I doubt you guys are buying into left-wing propaganda, so what exactly is going on?

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  28. OH and everyone… is there a test you can take, a real test, that helps you determine if you are a republican, democrat, independent, moderate of any. etc?

    Like I said, I was raised D… but don’t always agree…. agree with some R… I’m all over… would love to take a test.

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  29. The free rider phenomenon is a result of federal law isn’t it? In that ER’s have to treat all comers?

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    • The free rider phenomenon is a result of federal law isn’t it? In that ER’s have to treat all comers?

      Passed under the socialist regime of one Ronald Reagan, IIRC.

      An enforceable individual mandate is necessary if universal coverage is not provided by either the government of employers to prevent market-timing of insurance purchasing by individuals. These are all the logical consequences of the approach.

      Personally, the Michael Moore (I am further destroying my ‘moderate’ cred by citing him) movie Sicko convinced me of the inherent superiority of the single-payer model whether the health care providers are government employed (British NHS) or privately employed (Canada). I am not opposed to German or Israel method of non-profit non-governmental insurers but even those are far more ‘liberal’ than the half-measures of Obamacare.

      Is there a market-based solution that provides coverage to the working poor other than “Don’t get sick”? Some combination of private catastrophic coverage and health savings accounts perhaps? If there is, it is not being touted by the current opponents of the ACA.

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  30. Just a FYI Geanie, some of us are attempting to re-boot ATiM. Wish us luck and stick around, maybe you’ll find what you’re looking for. We sure welcome your participation.

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  31. Scott, your continual contention that the Republican party hasn’t moved right is wearing damned thin. Prove it hasn’t. Based on state and federal legislative bills, prove it.

    You can’t.

    God damn it, this is exactly why this blog has become “Scott’s Blog.”

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    • Mich:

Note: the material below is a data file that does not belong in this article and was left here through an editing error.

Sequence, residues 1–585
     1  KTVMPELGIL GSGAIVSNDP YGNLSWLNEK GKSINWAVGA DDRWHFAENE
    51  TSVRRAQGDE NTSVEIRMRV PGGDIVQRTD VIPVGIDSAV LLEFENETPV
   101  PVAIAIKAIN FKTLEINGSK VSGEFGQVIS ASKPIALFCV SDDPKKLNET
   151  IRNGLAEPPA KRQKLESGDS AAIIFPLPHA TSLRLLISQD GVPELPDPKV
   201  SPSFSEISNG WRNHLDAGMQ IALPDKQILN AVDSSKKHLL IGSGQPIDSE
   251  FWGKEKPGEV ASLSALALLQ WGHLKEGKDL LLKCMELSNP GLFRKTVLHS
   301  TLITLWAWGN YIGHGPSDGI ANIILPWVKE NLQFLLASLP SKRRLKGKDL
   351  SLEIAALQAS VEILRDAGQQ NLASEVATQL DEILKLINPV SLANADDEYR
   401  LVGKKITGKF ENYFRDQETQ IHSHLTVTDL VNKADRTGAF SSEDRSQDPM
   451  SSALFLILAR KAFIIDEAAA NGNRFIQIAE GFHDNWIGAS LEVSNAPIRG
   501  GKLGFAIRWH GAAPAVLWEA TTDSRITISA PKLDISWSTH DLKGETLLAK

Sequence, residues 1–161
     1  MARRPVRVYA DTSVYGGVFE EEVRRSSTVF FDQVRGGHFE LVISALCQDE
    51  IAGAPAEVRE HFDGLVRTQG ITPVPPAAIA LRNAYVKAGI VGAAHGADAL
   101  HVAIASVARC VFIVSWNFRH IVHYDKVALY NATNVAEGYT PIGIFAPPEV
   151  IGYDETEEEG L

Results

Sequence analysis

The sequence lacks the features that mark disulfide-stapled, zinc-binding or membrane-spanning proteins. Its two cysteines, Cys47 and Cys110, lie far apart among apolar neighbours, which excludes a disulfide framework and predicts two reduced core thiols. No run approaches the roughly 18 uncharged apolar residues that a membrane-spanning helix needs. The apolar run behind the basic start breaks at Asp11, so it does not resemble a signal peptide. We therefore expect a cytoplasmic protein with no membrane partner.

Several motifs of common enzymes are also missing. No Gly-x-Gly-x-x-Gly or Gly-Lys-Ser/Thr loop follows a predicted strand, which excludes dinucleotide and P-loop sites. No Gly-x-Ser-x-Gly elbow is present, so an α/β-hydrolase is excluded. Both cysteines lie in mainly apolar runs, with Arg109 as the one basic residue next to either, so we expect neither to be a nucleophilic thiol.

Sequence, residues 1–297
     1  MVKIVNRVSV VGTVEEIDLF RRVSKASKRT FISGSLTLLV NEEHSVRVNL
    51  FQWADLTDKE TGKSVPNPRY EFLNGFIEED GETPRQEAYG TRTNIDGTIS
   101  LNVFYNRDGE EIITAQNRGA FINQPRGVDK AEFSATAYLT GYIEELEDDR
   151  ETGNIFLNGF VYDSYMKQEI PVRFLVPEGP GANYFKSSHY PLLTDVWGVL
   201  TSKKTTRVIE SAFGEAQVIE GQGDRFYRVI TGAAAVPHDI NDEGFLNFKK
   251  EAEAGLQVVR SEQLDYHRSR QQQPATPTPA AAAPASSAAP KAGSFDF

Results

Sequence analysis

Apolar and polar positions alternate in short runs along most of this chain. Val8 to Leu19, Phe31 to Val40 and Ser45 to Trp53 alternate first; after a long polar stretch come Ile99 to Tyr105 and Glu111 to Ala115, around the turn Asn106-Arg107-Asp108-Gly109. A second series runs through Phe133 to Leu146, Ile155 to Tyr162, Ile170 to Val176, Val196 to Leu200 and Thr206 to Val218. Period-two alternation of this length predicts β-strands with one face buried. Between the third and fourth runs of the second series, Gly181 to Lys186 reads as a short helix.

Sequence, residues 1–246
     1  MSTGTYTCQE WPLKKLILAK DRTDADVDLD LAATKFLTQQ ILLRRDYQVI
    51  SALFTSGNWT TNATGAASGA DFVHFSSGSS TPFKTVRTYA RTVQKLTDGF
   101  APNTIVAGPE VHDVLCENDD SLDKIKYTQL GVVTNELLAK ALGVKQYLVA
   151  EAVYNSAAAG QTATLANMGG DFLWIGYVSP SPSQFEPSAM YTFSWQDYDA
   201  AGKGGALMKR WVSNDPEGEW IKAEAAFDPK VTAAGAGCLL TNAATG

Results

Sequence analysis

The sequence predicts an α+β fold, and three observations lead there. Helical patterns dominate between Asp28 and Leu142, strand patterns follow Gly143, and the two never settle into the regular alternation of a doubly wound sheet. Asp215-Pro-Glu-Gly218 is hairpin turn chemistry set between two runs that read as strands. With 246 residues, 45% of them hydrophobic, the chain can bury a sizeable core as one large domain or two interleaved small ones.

Scott, your continual contention that the Republican party hasn’t moved right is wearing damned thin. Prove it hasn’t.

      I can’t prove a negative. All I can do is point out that the positions they generally hold today are the same positions that were held by conservative standard bearers in history like Reagan or Goldwater. And I can point out how it has been the Dems that have moved from their historical policy positions, which I have tried to do. Again, maybe you can detail some policy positions that you see as a drastic departure from what republicans were advocating in Goldwater or Reagan’s time.

      God damn it, this is exactly why this blog has become “Scott’s Blog.”

      Someone else is going to have to help me out here. jnc, Mark, yello…is there something about what I have said here today that is out of line and merits the above response?

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  32. Oh I’m sticking around… if nothing else, at least ATiM is quite interesting… especially the disagreements LOL

    And I would post more if I could keep with with all of you. There is a HUGE difference in my knowledge of politics and yours. I live in Oklahoma and have no political background of any kind. Started my life as one of the ranks of the poor. Worked hard to move up so my kids started their lives in the ranks of the lower-middle class. Now we are all striving to stay in the middle-middle class. The economic bust along with off-shoring of jobs has put a dent in our progress, but we are persistent.

    From what I have gathered here about each of you are that you are very involved in politics, most live in or near main political arenas, have educational backgrounds for law and/or politics/economics…. well, just know a lot more than I do.

    That’s good because I can learn from you. At least I hope I can.

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  33. Why is Universal coverage a good thing?

    Like

    • OH OH, I want to answer this one LOL

      It’s a good thing because whether you, or anyone else, believes it or not, we are supposed to look out for one another.. as human beings, we should.

      Health issues can strike anyone at anytime, many are born with health issues, some may be known at birth, others may not be known until much later.

      Health issues don’t pick sides, they don’t hit someone based on their incomes or statures. Health issues are kind of like our Oklahoma tornadoes… you can try to avoid them all you want, but if you’re in it’s path, then you’re gonna get hit and there’s nothing you can do about it. That’s what insurance has been for.

      Since most healthcare insurance has been employer provided, and sadly since so many have lost their jobs due to various reasons, such as job out-sourcing, or the 2008 economic crisis, etc, the number of uninsured has risen greatly… I’m one of those.